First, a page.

Jiu-Jitsu and Holiday Stress

There are so many causes of stress during the holiday season.  First off, the changing of seasons and the onset of the cooler weather tends to force people to be indoors much more which can lead to periods of relative inactivity compared to the rest of the year.  In addition, the shorter days, especially if you’re in the part of the world where daylight savings time brings utter darkness by dinner time, the lack of sunshine can be very depressing and can actually lead to conditions like Vitamin D deficiency and seasonal depression.

As wonderful as our families may be, the annual social gatherings filled with people you don’t see the rest of the year can be stressful in itself.  Holiday classic films like Planes, Trains, and Automobiles and Christmas Vacation come to life for many of us as we spend extra time planning, traveling and visiting with as many family members as we can during this special time.  Even if you enjoy this process, it is still stressful.  It is still a change to your normal routine and can impact your health and well being.

How can jiu-jitsu help us during these hectic festivities?  Science has long shown that physical activity of any kind can help relieve stress by helping to release excess energy and release endorphins.  BJJ can also do so much more because of the community that surrounds you at your academy.  Chances are you have friends and peers who also train.  Being around those folks can help fight off the winter time blues and give you a welcome break from the Aunt Marthas of the world.

With that said, it’s important to try to be as consistent in your training as you possibly can.  Your instructors and coaches have families and responsibilities too, so there is a good chance that your academy may be closed during some of the holiday season more than usual.  Do you best to get in training while the gym is open.  Rearrange your schedule if Thursday (Thanksgiving) is a typical day you plan to train and your gym is closed.  Some academies also offer Open Mats in lieu of regular classes during this time.  This can be a great way to squeeze in an extra hour or so of training when your gym was supposed to be closed.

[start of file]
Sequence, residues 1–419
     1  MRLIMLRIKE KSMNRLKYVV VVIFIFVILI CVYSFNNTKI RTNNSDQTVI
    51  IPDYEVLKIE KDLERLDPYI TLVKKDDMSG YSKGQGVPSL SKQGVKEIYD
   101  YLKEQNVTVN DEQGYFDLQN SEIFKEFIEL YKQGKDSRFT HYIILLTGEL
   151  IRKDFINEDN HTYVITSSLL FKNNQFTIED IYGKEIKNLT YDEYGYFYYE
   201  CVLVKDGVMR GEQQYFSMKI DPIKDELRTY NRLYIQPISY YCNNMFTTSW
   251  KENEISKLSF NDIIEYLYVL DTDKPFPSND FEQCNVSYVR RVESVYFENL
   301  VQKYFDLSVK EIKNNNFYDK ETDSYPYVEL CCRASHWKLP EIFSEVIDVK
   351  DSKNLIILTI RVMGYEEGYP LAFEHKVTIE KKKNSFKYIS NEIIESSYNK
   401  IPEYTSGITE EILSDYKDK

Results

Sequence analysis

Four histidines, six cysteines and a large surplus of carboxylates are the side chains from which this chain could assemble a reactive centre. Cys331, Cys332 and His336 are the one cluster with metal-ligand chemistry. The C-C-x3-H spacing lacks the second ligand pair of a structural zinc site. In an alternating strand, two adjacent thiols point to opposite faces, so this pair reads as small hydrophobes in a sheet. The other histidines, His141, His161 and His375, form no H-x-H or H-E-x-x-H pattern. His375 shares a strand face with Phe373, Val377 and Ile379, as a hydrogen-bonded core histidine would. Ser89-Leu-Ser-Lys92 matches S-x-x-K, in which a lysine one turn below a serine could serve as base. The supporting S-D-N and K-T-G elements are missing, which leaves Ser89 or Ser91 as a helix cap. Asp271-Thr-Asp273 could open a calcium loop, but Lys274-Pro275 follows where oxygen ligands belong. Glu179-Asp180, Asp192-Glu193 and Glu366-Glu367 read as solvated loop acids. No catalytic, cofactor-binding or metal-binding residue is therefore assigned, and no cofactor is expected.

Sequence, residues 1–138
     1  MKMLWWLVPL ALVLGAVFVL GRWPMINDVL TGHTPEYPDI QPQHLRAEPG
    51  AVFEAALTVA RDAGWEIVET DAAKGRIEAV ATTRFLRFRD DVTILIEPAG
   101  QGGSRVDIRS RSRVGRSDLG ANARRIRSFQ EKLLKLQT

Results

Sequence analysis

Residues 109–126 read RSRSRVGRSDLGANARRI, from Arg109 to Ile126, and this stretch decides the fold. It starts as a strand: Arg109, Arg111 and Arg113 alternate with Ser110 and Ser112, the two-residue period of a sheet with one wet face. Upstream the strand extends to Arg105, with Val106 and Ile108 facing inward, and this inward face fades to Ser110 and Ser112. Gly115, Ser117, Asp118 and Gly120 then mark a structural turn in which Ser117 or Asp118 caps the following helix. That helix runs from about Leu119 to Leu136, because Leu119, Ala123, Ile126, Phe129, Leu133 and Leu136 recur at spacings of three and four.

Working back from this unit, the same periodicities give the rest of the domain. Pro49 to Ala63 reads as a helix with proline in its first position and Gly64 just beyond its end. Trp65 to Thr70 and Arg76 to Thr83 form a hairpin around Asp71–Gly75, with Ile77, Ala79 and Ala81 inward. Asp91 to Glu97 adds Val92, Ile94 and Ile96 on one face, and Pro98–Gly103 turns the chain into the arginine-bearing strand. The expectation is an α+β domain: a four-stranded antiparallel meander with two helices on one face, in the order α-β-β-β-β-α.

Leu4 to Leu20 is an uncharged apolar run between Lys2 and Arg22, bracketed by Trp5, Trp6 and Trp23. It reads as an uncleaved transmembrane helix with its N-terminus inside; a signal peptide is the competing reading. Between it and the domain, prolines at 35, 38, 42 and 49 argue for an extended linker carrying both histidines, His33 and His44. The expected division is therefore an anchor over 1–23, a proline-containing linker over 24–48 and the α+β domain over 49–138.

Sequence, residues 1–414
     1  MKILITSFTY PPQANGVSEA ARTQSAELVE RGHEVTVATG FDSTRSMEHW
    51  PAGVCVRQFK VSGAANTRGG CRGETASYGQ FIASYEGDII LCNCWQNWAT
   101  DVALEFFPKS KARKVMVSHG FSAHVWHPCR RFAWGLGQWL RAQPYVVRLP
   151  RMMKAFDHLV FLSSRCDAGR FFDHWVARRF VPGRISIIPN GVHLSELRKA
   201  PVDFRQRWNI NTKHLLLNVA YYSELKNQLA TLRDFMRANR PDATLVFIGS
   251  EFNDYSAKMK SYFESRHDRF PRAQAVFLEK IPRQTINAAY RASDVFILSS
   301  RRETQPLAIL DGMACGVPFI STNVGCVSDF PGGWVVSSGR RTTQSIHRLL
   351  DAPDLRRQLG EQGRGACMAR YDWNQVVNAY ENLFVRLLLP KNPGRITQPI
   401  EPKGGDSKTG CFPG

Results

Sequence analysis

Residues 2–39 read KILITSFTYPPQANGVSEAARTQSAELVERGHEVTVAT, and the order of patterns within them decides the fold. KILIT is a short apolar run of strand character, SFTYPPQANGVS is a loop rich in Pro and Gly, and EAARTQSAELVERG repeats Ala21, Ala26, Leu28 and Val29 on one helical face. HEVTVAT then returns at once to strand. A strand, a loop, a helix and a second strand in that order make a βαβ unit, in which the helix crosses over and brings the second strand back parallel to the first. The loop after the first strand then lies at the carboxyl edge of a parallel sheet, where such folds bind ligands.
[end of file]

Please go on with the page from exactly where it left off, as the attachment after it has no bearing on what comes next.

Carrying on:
So what do you do if your gym is closed or you’re traveling for the holiday season?  If you’re planning to travel, it’s always to see if there are other gyms in the area that you might be able to check out.  Most BJJ academies are amazingly hospitable and if they’re having classes or open mats, will welcome you.  But let’s say you’ve tried that and there is no one open in the vicinity where you find yourself.  What can you do?  Anything you want, do another physical activity of any kind to keep yourself moving.  Yoga and BJJ-related body exercises (shrimps, bridges, etc.) are something you can do anytime with limited space.  A short weight training circuit can do wonders for your stress level even if you have to utilize the limited options at a hotel fitness center.  Twenty minutes is all you need to make sure the rest of your day is festive.

Jiu-Jitsu and Holiday Overeating

Coupled with the stress that the holiday season can bring, the prevalence of huge feasts can be a daunting obstacle to your jiu-jitsu goals.  Whether it’s the potluck buffet at work or the holiday dinner with relatives, the chances of overeating are high this time of year.  You just spent 6 hours in the car listening to Christmas Carols on your way to your relative’s house.  What better way to numb your suffering but through a pile of mashed potatoes and half a pumpkin pie.

Sticking as closely to your jiu-jitsu training schedule can help with these holiday binges by helping to burn off some of the calories you may be consuming.  It has also been shown that physical activity can sometimes curb one’s appetite and help minimize the amount that you eat.  If you are lucky enough to be able to train on the morning of Thanksgiving, for instance, there can be a truly satisfying feeling having just rolled for an hour or two before sitting down to dinner.